Revlon is an American cosmetics company founded in 1932 during the Great Depression. Brothers Charles and Joseph Revson, along with chemist Charles Lachman (who is represented by the "L" in the Revlon name) began by offering a single product—a nail polish made with pigments instead of dyes that offered more opaque coverage. This product was successfully marketed to department stores and drugstores, and the company experienced rapid growth as purveyors of manicure tools. They entered the cosmetics world with the addition of lipstick to their offerings in 1940.
The company's stock went public in 1955, and by the 1960s Revlon was offering products to different segments of the market under brand names Revlon, Princess Marcella Borghese, Ultima II, Natural Wonder, Moon Drops and Etherea.
Marketed internationally since the late 1950s, Revlon successfully sold the "American look" to other countries through the use of top models—a strategy still in use by Revlon today.
Fragrances have long been included in the Revlon offering, beginning with Jean Nate in 1935. In 1968, Revlon introduced the first American designer fragrance, Norell, in partnership with Norman Norell. Revlon's 1973 launch of perfume Charlie featured the first perfume advertisement showing a woman wearing slacks. The fragrance was marketed towards the emerging independent woman of the 1970s, and became an immediate best-seller. Revlon successfully marketed a series of iconic women's fragrances in the 1970s, including Enjoli, Jontue and Ciara. Revlon continues to be one of the world's largest mass-market cosmetics and fragrance manufacturers in the 21st century.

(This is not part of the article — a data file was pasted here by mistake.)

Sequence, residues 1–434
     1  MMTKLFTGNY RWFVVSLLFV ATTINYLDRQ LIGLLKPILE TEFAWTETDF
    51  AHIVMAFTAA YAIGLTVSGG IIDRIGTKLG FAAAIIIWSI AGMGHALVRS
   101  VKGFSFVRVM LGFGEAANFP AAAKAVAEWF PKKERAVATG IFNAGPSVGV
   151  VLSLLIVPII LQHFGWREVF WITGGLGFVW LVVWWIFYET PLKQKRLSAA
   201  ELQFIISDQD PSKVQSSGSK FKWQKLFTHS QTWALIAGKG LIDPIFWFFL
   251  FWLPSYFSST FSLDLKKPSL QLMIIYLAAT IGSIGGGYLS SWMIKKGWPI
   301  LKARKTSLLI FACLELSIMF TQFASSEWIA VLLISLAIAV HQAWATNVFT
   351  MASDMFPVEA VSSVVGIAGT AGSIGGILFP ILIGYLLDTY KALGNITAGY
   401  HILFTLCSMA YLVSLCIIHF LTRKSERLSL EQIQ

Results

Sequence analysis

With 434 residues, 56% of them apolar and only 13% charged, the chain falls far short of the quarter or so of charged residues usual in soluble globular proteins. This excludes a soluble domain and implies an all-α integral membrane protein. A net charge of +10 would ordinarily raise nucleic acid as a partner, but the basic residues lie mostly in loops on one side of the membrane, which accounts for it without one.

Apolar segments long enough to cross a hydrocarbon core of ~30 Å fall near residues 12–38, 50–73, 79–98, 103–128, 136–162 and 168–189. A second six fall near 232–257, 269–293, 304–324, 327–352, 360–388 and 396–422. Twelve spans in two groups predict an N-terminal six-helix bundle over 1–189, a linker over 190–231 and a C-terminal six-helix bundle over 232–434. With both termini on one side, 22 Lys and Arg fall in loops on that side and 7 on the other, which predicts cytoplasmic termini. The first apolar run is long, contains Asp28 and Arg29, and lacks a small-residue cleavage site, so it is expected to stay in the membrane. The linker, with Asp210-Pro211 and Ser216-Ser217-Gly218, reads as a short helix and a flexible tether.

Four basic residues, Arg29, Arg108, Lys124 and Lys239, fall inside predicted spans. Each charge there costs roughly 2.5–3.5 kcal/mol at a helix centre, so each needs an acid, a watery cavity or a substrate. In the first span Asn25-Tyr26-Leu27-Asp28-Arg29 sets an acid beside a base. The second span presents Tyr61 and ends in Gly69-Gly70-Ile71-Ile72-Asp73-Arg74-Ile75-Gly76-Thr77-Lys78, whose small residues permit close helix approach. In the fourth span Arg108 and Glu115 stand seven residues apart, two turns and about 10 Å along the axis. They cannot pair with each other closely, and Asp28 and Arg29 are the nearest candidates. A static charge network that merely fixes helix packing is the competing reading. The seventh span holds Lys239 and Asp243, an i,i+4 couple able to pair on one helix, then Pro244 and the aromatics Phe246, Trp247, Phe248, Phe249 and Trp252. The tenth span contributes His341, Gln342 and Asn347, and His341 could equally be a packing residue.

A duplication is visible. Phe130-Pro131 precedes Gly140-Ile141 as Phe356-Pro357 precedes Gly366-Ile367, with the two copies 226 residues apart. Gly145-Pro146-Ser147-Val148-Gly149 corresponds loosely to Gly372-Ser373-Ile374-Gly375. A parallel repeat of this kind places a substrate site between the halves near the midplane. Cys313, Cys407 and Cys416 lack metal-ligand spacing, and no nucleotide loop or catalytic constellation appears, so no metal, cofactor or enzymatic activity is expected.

Designer Revlon has produced 69 perfumes to date. Revlon is an old perfume house. The earliest edition was created in 1935 and the newest is from 2015. Revlon fragrances were made in collaboration with perfumers Steven Claisse, Givaudan, Annie Buzantian and Judith Cross.